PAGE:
• Punitive damages

Working with McIntyre Law

McIntyre Law Lawyers

Our team of lawyers are prepared to fight against the insurance companies engaging in efforts to deprive their policyholders of the benefits they deserve. If you have purchased insurance, bad faith actions by your insurance company are a way of withholding what is rightfully yours.

Do you have a case for a bad faith insurance lawsuit?

If you’ve filed a legitimate claim under a policy that is in good standing, the insurance company may be acting wrongly by not paying it, and you might have a case. It can be hard to determine on your own how much a loss is worth or whether the insurer is acting in bad faith. Especially in cases of loss, you might think that the value of your possessions is higher than it actually is. That’s why the attorneys at McIntyre Law, P.C. are here to help you every step of the way. We will help you determine whether you’ve been the victim of bad faith so that you don’t have to face the insurance company alone.

Meet Our Bad Faith Insurance Attorneys

Give yourself the best chance to win a fair insurance settlement. Call today and talk to our experienced bad faith insurance attorneys.

Monica Schweighart
Monica Schweighart
Junior Partner
Noble McIntyre
Noble McIntyre
Senior Partner
Mario D'Angelo
Mario D'Angelo

What is bad faith insurance?

Bad faith insurance is when an insurance company wrongfully denies coverage for a claim. An insurance policy is a contract between you and your insurance company that requires that the insurer must provide certain benefits upon receiving proof of loss. On occasion, however, an insurer will commit bad faith by failing to pay deserved benefits.

Among other things, bad faith can include the following:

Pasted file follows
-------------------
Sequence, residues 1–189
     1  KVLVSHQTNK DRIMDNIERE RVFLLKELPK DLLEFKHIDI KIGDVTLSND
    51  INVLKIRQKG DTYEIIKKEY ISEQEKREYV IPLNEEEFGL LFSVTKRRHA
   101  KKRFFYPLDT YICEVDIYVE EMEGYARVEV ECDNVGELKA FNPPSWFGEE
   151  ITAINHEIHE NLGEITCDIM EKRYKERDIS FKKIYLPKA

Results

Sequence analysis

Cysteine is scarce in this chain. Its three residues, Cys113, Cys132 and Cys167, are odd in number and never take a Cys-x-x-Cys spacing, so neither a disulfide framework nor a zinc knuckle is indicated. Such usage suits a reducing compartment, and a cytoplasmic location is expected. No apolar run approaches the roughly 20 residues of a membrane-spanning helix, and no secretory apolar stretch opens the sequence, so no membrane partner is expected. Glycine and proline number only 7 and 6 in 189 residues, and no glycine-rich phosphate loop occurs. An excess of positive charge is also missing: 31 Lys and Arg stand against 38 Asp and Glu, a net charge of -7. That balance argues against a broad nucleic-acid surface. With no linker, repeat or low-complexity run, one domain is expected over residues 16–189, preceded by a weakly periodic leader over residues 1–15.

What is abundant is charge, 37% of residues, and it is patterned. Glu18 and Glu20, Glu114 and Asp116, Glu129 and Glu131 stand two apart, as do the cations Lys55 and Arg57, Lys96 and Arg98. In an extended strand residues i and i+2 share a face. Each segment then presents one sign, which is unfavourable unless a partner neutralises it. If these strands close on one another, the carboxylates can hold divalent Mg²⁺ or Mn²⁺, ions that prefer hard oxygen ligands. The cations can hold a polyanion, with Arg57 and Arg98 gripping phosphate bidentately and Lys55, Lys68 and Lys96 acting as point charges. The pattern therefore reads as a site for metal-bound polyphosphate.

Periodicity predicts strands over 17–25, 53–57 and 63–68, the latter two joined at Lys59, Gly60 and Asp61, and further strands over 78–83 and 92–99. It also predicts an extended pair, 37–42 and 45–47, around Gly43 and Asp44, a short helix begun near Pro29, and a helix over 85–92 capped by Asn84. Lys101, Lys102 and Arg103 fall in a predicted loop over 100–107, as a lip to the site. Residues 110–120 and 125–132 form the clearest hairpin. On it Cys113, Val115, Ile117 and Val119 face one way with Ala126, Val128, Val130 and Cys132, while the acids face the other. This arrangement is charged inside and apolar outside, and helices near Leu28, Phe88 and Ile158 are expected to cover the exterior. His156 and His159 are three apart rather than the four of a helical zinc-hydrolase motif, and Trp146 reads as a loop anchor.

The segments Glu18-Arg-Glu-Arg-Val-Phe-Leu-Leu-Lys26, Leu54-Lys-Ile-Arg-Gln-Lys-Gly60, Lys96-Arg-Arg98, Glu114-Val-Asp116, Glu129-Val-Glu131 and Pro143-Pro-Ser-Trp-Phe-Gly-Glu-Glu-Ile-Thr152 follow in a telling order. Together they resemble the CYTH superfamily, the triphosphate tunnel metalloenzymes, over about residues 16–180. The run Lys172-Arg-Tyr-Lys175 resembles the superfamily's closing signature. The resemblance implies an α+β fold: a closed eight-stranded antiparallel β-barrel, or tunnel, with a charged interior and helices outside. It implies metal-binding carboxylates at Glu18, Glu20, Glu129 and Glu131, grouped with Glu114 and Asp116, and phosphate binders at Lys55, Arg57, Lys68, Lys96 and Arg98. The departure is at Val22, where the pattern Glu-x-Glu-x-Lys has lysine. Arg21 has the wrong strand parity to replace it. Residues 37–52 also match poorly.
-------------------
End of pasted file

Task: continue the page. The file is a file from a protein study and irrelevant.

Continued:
• Failure to promptly and thoroughly investigate a claim
  • Refusal to settle a case or reimburse for your entire loss
  • Unreasonable denial of benefits for a claim
  • Unreasonable termination of an insurance policy after a claim has been made
  • Unreasonable delay in making payments
  • Unreasonable failure to defend the insured (you) if you’ve been sued under a policy with a liability provision
  • Unreasonable attempts to under-settle or lowball payment of a claim
  • Deceptive practices or deliberate misrepresentations so that the company can avoid paying the claim
  • Using improper standards to deny a claim
  • Abusive or coercive tactics used in settling a claim
  • Failure to disclose or explain policy limitations or exclusions

Can the insurance company deny my claim?

Yes, an insurance company can deny your claim. Not every claim is worthy of a settlement. If you didn’t fulfill your end of the contract (by nonpayment of the premium, for example), then the insurance company might not be obligated to pay your benefit. Also, if the claim is fraudulent or is not covered under the policy, then the company is not obligated to pay it. Bad faith occurs when you have a legitimate claim under a policy that is in good standing and the insurance company is acting wrongly by not paying your benefit.